By Jordy Yager - 02/10/11 12:00 AM EST
Homeland security and counter-terrorism officials warned lawmakers Wednesday that the nation is increasingly threatened by foreign terrorists who seek to recruit U.S. citizens.
The largest threat to the U.S. is no longer Osama Bin Laden, according to the director of the National Counterterrorism Center (NCIC), Michael Leiter, but is now Anwar Al-Awlaki, the head of the Al Qaeda in the Arabian Peninsula group based out of Yemen.
The increased threat that Al Qaeda in the Arabian Peninsula poses revolves heavily around its ability to attract and reach U.S.-natives who want to be trained in terrorism techniques, and who could fall beneath the radar of intelligence circles more easily.
Leiter said Al-Awlaki has become the most well known English-speaking ideologue and has the largest Internet following among the radicalized population.
“I actually consider Al Qaeda in the Arabian Peninsula, with Al-Alwaki as a leader within that organization, probably the most significant risk to the U.S. homeland,” Leiter said during a hearing before the House Homeland Security Committee.
A recent report from the fusion center for the State of New York revealed that 50 out of the 88 people involved in Al Qaeda-related terrorism plots in the U.S. since 9/11 have been U.S. citizens, with a majority of those having been born in the U.S.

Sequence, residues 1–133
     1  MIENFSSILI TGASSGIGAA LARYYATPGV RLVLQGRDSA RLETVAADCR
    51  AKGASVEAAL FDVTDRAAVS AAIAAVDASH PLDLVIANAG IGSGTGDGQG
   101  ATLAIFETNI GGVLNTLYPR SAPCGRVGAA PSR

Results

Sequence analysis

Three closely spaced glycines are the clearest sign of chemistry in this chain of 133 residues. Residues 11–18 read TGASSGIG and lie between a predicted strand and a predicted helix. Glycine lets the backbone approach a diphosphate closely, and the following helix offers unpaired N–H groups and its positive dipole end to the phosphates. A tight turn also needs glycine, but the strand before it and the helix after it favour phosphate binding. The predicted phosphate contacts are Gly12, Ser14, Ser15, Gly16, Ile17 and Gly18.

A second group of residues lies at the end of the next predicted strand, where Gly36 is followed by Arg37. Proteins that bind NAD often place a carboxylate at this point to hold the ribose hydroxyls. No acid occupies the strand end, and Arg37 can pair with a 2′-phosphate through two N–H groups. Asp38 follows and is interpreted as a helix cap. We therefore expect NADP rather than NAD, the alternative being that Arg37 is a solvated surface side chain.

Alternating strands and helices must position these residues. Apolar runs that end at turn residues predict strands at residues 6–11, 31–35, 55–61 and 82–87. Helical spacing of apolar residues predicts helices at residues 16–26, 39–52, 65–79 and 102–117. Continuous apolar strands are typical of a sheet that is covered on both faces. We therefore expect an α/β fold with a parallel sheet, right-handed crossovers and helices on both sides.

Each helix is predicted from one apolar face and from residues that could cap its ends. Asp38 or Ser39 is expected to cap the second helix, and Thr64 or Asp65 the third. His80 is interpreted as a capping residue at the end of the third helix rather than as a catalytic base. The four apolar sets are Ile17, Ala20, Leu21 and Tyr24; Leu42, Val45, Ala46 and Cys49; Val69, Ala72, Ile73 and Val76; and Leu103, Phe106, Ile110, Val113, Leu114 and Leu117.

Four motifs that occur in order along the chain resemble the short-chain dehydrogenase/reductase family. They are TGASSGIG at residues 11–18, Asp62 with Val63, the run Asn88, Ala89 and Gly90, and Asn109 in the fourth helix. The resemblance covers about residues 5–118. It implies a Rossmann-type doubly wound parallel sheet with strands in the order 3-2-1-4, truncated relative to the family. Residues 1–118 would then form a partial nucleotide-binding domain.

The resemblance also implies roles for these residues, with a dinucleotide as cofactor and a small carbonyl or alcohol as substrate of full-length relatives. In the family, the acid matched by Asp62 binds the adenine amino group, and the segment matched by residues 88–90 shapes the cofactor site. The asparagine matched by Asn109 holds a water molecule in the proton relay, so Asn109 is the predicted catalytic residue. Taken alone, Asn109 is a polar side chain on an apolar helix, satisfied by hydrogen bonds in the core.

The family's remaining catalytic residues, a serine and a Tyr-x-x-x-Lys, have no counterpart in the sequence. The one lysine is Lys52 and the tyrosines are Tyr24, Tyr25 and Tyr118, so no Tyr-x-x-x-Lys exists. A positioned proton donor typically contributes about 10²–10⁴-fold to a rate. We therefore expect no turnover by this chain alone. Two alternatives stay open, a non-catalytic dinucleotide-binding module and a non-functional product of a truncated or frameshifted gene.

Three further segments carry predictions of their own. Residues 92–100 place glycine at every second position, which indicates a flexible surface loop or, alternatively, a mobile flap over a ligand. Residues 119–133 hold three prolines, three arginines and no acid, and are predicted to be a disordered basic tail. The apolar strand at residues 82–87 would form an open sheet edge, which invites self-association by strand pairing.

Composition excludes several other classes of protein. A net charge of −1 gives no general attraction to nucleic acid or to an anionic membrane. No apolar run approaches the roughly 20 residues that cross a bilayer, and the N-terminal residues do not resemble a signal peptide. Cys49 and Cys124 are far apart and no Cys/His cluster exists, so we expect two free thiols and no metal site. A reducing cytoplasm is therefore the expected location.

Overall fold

To counter this growing threat, Leiter said that the integration of homeland security, intelligence, and law enforcement personnel has improved rapidly. Now, he regularly meets with Napolitano and the directors of the CIA, FBI, and National Intelligence to discuss ways to further integrate their missions.
“And frankly that’s night and day from where we were in 2009,” said Leiter. “So I think there’s always some tension when organizations are trying to do the right thing and someone else disagrees. Not all of that tension is bad. On the terrorism issue, I’ve never seen it better integrated than it is today.”
Napolitano said that the U.S.-Mexico border remains a challenge but that it is safer than it has been in the recent past.
U.S. intelligence and security officials have been monitoring the ties of the major drug cartels operating in Mexico, such the Los Zetas cartel, for possible connections to Al Qaeda or Al Qaeda affiliates. Several members have expressed their concern in recent years that the increasingly emboldened cartels could form a profitable partnership with terrorists to smuggle weapons and equipment into the U.S. through existing drug routes.
“All I will say in an open setting is that we have, for some time, been thinking about what would happen if say Al Qaeda were to unite with the Zetas – one of the drug cartels – and I’ll just leave it at that,” she said.
Napolitano also said that the U.S. is now screening 100 percent of at-risk cargo coming into the country, which it was not doing last year. And though DHS and the private sector have made significant strides in securing the country from a chemical, biological, or radiological attack, she said, there remains much more to be done.
DHS has built four major areas of security, she said in prepared remarks. Those include: the creation of Joint Terrorist Task Forces; the launch of state and major urban area fusion centers staffed with 68 DHS officials throughout the country; the implementation of the nationwide Suspicious Activity Reporting (SAR) initiative, which is expected to reach the entire country by September; and the “If You See Something, Say Something” campaign, which promotes awareness of suspicious activity and behavior by citizens, businesses, and local law enforcement.